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Soap Operas of Argentina Make Israelis Swoon

Shown with Hebrew subtitles, the escapist episodes are leading a Latin invasion.

September 17, 2003|Sebastian Rotella | Times Staff Writer

RAANANA, Israel — Alicia Slimovich, a recently arrived immigrant from Argentina, remembers the day that Israel suddenly felt closer to home.

Slimovich was trying to talk to a maintenance man painting the dormitory of the resettlement center where she lives in this beachside town. It turned out the young Israeli spoke Spanish. But not just any Spanish. He spoke Porteno: the jaunty, Italian-inflected dialect spawned in the tango halls and waterfront tenements of Buenos Aires a century ago. And he had never been near Argentina.

"He told me he learned Spanish from watching the soap operas on television," Slimovich said wonderingly. "All these kids, they watch all day and they have just picked up the language on their own."

Like Slimovich and her husband, Sergio, the thousands of Jews who came to Israel to escape Argentina's economic crisis knew they were coming to a country with a sizable, well-integrated population of Argentine descent. But they didn't necessarily realize they were part of a friendly invasion.

Israel has gone wild over the Spanish language, Latin American culture and, above all, Argentine soap operas. For Israelis, who are accustomed to living with a gun within reach and enemies within sight, it's a blissfully frivolous obsession, a respite from suicide bombings, missile attacks, tense negotiations with the Palestinian Authority and other life-and-death matters.

Israelis can't get enough of Spanish-language soap operas, known as telenovelas. Two cable channels broadcast about 30 shows a day, mostly Argentine productions with Hebrew subtitles. Children's summer camps offer telenovela themes that allow the kids to put on their own shows.

Adoring Israeli teenagers mob visiting South American stars such as Natalia Oreiro, a red-haired Uruguayan pop singer who is not exactly a household name outside South America's Southern Cone region. The wife of Israel's foreign minister recently traveled to Buenos Aires to tape a cameo on "The Rebels," a show produced by an Israeli company. Enrollment in Spanish classes has increased tenfold in the last three years.

"It's really been a revolution," said Yair Dori, the Argentine-born Israeli television impresario who is the driving force behind the telenovela boom. "It's now part of the culture, the national personality."

Not everyone is overjoyed, however. The Israeli parliament, or Knesset, has held hearings in response to fears that the programs are too steamy and explicit for the children who are die-hard fans. Well-read Spanish-speakers wince at the idea that a commercial, less-than-sophisticated genre has become the vehicle for spreading the language of Cervantes.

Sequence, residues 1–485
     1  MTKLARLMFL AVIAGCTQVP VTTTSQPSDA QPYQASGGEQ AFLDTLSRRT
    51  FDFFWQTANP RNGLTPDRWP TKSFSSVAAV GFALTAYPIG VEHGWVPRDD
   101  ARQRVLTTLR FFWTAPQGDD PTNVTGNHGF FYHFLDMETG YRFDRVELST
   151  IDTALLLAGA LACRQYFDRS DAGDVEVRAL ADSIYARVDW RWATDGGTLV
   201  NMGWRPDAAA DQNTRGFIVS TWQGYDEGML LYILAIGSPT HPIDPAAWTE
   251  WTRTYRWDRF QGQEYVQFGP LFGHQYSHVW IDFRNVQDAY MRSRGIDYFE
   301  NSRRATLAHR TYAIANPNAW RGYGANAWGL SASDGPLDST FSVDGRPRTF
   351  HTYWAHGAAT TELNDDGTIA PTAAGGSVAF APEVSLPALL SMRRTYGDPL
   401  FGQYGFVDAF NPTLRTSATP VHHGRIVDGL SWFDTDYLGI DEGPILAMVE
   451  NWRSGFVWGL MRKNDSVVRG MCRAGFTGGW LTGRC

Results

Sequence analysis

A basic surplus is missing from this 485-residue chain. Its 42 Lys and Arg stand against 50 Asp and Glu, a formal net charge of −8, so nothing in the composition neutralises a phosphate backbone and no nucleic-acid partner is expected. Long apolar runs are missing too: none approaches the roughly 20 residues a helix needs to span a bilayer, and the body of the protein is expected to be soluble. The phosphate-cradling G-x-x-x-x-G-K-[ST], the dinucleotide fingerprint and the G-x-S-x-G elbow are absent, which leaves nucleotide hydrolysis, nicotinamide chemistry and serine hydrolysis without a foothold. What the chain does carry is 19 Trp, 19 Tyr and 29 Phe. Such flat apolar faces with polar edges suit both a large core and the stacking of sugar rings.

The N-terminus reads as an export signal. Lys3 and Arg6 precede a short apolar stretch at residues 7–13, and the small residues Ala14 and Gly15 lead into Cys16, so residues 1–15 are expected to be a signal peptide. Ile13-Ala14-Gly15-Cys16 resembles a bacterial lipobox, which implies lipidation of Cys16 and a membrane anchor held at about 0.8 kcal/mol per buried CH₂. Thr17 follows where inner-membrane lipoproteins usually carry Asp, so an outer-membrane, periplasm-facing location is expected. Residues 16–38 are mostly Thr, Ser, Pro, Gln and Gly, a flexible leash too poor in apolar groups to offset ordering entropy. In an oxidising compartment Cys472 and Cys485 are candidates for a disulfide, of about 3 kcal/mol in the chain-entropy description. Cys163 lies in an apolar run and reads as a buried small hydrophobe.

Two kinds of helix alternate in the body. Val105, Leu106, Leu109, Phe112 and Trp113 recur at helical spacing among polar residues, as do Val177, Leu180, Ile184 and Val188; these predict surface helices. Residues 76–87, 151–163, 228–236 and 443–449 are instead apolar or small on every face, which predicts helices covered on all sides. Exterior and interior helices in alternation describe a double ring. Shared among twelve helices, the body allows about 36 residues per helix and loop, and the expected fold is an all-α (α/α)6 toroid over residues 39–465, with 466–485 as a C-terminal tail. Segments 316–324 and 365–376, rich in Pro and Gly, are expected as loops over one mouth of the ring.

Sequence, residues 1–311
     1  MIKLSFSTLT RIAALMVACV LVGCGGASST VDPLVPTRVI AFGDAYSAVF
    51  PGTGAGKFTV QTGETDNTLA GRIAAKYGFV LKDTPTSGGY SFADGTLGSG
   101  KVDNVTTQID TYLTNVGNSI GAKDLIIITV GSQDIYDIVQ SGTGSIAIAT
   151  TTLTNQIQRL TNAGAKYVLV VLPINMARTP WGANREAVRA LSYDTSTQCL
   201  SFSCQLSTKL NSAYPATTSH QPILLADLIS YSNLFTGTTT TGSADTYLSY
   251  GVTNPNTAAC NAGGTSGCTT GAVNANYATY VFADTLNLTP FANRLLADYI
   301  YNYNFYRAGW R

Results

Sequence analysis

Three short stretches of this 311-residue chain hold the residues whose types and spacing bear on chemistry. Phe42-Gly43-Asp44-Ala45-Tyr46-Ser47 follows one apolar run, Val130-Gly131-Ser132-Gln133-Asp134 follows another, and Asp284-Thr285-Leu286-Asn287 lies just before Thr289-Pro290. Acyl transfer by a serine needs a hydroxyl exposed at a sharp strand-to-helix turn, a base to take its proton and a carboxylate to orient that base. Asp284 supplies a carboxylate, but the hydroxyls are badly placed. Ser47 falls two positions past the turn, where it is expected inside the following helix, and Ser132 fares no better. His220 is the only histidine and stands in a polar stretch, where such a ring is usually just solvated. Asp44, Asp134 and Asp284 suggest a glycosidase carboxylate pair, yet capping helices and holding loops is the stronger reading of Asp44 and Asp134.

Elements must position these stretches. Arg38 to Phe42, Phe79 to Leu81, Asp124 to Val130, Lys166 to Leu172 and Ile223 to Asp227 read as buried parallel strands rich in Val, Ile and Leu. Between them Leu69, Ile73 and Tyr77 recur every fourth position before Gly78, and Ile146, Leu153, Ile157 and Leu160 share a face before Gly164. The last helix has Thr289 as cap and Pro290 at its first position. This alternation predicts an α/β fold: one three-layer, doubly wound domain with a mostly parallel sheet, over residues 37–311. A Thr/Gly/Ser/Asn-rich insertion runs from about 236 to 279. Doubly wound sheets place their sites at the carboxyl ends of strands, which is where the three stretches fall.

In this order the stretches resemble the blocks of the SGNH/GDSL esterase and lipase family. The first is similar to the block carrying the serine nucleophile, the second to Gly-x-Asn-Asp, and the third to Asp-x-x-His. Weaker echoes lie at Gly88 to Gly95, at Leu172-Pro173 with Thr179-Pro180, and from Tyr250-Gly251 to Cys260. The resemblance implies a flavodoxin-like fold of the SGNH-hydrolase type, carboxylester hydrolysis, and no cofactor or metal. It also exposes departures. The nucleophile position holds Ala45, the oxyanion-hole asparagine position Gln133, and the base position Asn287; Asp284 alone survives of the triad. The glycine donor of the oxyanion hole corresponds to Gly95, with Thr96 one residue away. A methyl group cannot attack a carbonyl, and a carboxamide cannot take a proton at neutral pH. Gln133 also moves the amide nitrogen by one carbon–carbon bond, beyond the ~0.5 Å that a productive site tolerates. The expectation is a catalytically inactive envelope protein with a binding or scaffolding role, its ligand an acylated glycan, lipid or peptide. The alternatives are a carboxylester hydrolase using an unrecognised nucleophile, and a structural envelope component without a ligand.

"The shows are really of a pretty low level," said Abel Dykler, an immigrant from Uruguay who owns a Spanish-language bookshop in Tel Aviv. He added, with a somewhat sheepish grin, that the effect on business has nonetheless been good: "It sure has helped economically."

Dykler said the Israeli appetite for Spanish and Latin culture has grown steadily since he opened Libros en Espanol (Books in Spanish) 21 years ago. Half-hidden at the end of a walkway off Tel Aviv's Allenby Street, the store is a narrow rectangle pleasantly crammed with books on shelves and tables that leave little room to maneuver.

The bespectacled Dykler handles books with gentle reverence as he attends to a steady stream of customers. Many are teenagers and young adults interested in South America, a preferred destination for the Israeli ritual of taking a long backpacking trip after completing military service.

"I love to see the kids speaking to each other in Spanish," he said. "It's really become popular."

Chances are they learned from a TV program imported or produced by Dori, a 56-year-old television magnate who left Argentina when he was 19 but still speaks old-school Porteno.

Argentina has one of the biggest Jewish populations outside Israel, mainly rooted in immigration from Eastern Europe and Russia that began more than a century ago. The community was estimated at its peak at a quarter of a million.

Since the 1960s, there have been periodic waves of Argentine-Jewish immigration to Israel fed by economic turmoil and military coups.

Dori came in 1966 for ideological reasons: He was active in a Zionist movement in Argentina and wanted to do his part for the Jewish state. He joined the military, rose to the rank of paratroop captain and ended up a war hero. He lost an arm and an eye in combat during the 1967 Middle East War and endured captivity in an Egyptian prisoner-of-war camp.

Although Israel's polyglot society has experienced occasional tensions as it absorbs new influxes, or aliyahs, from places such as Russia and Ethiopia, Argentines have been consistently well received, Dori said. Argentine immigrants tend to be well educated and middle-class; their national personality clicks with Israelis, who see them as warm and good-humored, he said.

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